We’ve talked about the future of work before in this space and the research we summarized was highly variable—from dire predictions of job losses from automation to technology optimists asking “why should it be different this time?”
Here are four fresh takes on the subject. Unlike before, these pieces have a fair amount in common. They all agree that the question about whether (and how many) jobs will be killed by automation is the wrong question and probably unanswerable. They then move towards more interesting questions.
McAfee and Brynjolfsson pose two different questions. First, they worry that automation has a pronounced impact on very specific types of jobs, rather than on jobs in the aggregate. They find that the number of hours worked in the U.S. continues to increase. The problem, in their view, is that routine jobs that are the basis of middle-class wages (the example they give is payroll handling in a factory) are being rapidly automated and this is pushing down wages for this segment of the labor force. This is consistent with other work showing a U-shape when job growth is plotted against wage level—high wage jobs and low wage jobs are increasing, but mid-wage jobs are falling.
Their second worry is about reduced work among specific groups, as evidenced for example by the fact that 16 percent of U.S. men between the ages of 25 and 54 with a high school education or less have dropped out of the workforce completely.
Their solutions: address low-wage issues through policies like the Earned Income Tax Credit, and figure out what kinds of jobs might be taken up by underutilized parts of the workforce—so they advocate for infrastructure construction for the aforementioned middle-aged men.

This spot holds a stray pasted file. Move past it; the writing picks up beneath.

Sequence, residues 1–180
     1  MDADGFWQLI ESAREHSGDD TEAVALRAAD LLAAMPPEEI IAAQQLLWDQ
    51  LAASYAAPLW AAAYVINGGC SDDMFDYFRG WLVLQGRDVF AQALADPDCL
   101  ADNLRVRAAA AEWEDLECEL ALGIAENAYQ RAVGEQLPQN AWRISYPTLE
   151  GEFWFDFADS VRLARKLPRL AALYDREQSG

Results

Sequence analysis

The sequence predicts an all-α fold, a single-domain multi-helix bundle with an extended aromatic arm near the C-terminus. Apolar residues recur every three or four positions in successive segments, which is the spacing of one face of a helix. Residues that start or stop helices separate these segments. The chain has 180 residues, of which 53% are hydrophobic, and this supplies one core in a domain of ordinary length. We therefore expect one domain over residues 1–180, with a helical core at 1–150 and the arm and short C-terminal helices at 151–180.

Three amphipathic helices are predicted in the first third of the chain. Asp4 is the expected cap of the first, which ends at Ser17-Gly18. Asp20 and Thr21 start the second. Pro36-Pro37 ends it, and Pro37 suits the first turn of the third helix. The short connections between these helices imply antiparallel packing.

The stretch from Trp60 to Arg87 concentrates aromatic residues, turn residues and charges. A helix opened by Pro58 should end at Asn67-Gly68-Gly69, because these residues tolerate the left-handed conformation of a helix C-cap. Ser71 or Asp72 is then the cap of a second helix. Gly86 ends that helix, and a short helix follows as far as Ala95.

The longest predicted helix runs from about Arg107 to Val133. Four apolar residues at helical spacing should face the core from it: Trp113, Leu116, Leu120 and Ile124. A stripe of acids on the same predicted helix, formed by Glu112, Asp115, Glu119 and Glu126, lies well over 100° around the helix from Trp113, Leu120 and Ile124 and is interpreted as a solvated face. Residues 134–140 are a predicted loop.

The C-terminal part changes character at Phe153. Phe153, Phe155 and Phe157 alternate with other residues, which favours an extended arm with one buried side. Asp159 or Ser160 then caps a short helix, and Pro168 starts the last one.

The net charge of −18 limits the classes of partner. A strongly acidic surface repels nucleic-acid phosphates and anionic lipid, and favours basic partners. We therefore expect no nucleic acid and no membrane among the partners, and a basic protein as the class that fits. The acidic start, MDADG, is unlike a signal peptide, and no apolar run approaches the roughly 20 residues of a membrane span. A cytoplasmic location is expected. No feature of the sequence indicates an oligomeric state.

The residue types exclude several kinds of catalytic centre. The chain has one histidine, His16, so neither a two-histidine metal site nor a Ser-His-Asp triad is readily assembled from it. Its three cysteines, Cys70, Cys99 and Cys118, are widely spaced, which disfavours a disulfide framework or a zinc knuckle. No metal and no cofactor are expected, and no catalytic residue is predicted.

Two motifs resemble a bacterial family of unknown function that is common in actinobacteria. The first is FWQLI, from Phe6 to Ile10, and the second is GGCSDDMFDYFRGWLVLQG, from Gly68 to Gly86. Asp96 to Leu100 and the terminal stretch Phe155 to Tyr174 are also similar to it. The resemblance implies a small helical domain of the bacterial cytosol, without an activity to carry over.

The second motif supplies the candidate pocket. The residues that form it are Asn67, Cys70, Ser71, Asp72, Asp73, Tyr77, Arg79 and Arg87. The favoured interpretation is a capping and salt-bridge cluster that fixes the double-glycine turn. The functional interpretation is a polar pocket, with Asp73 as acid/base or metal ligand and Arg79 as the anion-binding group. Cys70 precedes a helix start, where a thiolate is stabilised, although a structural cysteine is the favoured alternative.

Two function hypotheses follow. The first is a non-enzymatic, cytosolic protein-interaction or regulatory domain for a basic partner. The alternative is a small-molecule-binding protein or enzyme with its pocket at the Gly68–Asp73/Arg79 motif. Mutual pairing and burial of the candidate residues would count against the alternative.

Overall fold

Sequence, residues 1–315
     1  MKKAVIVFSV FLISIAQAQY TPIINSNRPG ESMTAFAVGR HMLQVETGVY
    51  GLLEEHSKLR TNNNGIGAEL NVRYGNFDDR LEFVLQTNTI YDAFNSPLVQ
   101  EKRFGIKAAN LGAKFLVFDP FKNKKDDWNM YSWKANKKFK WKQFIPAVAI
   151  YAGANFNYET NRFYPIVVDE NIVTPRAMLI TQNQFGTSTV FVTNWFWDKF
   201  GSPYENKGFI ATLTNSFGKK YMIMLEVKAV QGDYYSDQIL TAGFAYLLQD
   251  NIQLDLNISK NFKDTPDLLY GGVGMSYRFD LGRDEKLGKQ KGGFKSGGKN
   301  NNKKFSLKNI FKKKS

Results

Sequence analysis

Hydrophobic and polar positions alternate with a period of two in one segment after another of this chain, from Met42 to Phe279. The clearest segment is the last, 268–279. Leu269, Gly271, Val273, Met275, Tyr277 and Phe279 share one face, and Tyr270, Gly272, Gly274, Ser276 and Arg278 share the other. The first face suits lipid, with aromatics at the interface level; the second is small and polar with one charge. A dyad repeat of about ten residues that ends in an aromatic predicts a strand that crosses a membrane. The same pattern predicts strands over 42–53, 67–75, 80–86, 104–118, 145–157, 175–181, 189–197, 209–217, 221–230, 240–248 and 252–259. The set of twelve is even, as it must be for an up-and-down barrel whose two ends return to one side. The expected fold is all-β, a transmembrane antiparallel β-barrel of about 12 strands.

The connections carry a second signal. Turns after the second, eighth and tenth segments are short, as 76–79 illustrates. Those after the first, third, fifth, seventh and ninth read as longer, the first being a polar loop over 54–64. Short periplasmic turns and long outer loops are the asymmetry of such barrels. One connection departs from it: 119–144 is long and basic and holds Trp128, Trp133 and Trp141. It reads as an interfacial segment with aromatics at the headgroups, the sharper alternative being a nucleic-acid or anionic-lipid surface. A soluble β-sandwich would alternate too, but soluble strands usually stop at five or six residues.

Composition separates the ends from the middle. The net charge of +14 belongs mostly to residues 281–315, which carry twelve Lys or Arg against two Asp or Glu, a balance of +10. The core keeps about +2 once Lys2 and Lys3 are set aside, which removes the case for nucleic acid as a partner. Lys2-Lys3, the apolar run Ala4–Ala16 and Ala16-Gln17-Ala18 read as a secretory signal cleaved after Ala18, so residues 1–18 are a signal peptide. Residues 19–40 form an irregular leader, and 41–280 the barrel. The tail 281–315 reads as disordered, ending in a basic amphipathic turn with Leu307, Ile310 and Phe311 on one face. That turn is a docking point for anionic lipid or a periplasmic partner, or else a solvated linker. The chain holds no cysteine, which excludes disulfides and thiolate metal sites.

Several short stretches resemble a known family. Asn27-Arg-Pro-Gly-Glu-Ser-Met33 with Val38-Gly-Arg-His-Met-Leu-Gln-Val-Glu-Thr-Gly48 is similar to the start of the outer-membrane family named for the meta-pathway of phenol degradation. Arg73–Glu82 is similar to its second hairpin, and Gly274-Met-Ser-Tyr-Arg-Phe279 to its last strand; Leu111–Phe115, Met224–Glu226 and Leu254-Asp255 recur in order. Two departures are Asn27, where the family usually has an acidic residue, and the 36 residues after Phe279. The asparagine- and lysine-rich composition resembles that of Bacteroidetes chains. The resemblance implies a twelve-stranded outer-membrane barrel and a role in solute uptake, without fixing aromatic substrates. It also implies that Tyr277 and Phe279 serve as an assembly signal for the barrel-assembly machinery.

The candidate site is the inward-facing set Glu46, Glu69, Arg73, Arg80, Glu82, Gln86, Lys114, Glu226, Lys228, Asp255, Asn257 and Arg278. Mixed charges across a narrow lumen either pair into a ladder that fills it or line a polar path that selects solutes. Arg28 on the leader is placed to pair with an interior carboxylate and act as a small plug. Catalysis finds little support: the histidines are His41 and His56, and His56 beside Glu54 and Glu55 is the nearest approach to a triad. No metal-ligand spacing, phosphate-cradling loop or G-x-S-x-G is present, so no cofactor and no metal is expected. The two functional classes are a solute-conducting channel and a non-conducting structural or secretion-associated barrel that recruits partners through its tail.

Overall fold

Acemoglu and Restrepo make a similar point—that the issue is not job losses but a change in the nature of work. They demonstrate that employment goes up in occupations where the number of job titles is larger, in other words where there is a finer division of labor. They then show that the rate of new job titles has been growing along with automation. They develop a theoretical construct of endogenous automation to explain why technology can lead to lower wages and increase inequality, but also to suggest that there may stabilizing forces that bring this process into equilibrium as wages adjust. In other words, wage and employment movements should not just be considered as trends that simply continue into the future, but as dynamic processes of adjustment from one steady state to another.
A less technical overview by James Manyika of the McKinsey Global Institute highlights that the proportion of occupations that can be fully automated is less than 5 percent, but in 60 percent of occupations at least 30 percent of activities are technically automatable. For him, the issue is how to adapt to and utilize new technology, not whether new technology will displace people. He adds that technology can play a significant role in talent matching platforms, skills development and expanding the gig economy, all of which helps improve the labor market and leads to rising wages.
Mahdawi has a useful categorization of occupations that are relatively safe from automation: Creatives, of course, but also occupations involving human relationships (caregivers) and those that deal with unpredictable events and on the job problems (plumbers). The most at-risk occupation—telemarketer. I doubt many will miss those.
These writings all have a relatively positive impression of automation, a welcome contrast from the hysteria of old. So while you grill on this Fourth of July weekend, remember that there is already a robot called Flippy that is making the perfect burger in CaliBurger restaurants. Is that progress, or what?